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Pet ownership and knowledge of zoonotic diseases in De Kalb County, Georgia

By R. E. Fontaine, P. M. Schantz

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Category Journal Articles
Abstract

In a telephone survey in September 1986, 62% of interviewed households had pets (42% with dogs and 30% with cats). Respondents were poorly informed about the potential health hazards associated with animals. Only 63% of household heads believed that diseases of pets could be transmitted to humans and few could recognize specific zoonotic infections other than rabies. Other diseases such as ringworm, infectious diarrhoea, intestinal helminths (Toxocara), toxoplasmosis, heartworm, distemper and parvovirus were included in the list, and were spontaneously mentioned by only 10% of respondents. It is suggested that veterinarians could convey advice on prevention of zoonoses to most pet owners.

Date 1989
Publication Title Anthrozoos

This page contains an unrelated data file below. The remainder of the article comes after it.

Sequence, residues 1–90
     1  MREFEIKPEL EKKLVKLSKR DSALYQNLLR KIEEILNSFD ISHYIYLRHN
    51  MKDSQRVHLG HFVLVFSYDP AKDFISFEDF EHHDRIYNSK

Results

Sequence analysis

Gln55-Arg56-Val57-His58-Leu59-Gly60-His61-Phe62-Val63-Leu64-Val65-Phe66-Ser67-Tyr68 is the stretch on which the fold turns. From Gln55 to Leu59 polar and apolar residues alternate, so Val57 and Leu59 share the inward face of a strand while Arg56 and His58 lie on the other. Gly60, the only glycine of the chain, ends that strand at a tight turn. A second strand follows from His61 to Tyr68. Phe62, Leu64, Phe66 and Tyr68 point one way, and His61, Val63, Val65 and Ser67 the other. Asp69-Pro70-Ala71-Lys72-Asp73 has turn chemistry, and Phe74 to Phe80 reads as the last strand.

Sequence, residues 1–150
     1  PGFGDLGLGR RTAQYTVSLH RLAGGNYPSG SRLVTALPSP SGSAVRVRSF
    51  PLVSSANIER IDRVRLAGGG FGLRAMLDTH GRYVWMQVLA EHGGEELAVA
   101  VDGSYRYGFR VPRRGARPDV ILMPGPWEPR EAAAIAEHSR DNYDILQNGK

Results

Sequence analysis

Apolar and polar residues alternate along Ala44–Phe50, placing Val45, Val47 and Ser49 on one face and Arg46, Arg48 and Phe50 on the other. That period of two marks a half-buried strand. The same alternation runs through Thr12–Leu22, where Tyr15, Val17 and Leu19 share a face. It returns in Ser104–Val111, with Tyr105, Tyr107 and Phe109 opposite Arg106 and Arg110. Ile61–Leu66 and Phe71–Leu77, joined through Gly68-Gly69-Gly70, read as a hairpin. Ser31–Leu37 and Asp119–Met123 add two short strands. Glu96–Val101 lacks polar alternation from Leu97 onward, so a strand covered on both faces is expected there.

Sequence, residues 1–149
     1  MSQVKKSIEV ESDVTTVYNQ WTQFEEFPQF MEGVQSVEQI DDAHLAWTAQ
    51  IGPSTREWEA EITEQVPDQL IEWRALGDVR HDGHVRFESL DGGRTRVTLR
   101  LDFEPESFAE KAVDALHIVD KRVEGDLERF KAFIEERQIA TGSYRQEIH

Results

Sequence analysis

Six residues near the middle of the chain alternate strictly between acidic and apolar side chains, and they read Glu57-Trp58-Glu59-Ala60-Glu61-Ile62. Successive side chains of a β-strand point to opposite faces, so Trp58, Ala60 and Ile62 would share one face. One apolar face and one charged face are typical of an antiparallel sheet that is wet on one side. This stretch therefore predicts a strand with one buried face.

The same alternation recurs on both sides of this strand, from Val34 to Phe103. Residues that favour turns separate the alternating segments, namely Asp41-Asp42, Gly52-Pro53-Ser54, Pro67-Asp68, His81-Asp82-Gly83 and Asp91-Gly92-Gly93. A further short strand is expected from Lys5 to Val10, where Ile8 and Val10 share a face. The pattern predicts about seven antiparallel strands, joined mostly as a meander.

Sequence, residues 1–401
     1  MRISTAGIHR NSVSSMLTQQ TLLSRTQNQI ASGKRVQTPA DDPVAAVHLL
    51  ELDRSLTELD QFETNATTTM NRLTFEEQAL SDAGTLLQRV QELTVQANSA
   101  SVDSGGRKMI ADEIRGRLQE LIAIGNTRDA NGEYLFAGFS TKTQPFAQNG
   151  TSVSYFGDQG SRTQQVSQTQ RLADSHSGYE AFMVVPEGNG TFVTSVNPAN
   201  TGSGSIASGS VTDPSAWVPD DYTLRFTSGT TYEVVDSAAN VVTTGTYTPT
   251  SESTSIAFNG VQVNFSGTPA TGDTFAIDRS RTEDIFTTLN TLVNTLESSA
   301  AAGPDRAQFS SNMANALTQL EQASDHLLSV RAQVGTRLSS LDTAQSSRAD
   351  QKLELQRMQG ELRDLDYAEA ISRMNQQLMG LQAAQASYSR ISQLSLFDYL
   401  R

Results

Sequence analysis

Volume 3
Issue 1
Pages 45-49
ISBN/ISSN 0892-7936
DOI http://dx.doi.org/10.2752/089279390787057720
Author Address Centers for Disease Control, Parasitic Diseases Branch, Atlanta, GA 30333, USA.
Additional Language English
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Tags
  1. Bacteria
  2. Cats
  3. Developed countries
  4. Dogs
  5. Humans
  6. Invertebrates
  7. Knowledge
  8. Mammals
  9. North America
  10. OECD countries
  11. owners
  12. Parasites
  13. Parasitic diseases
  14. parasitic infestations
  15. peer-reviewed
  16. Pets and companion animals
  17. Protozoa
  18. United States of America
  19. Zoonoses
Badges
  1. peer-reviewed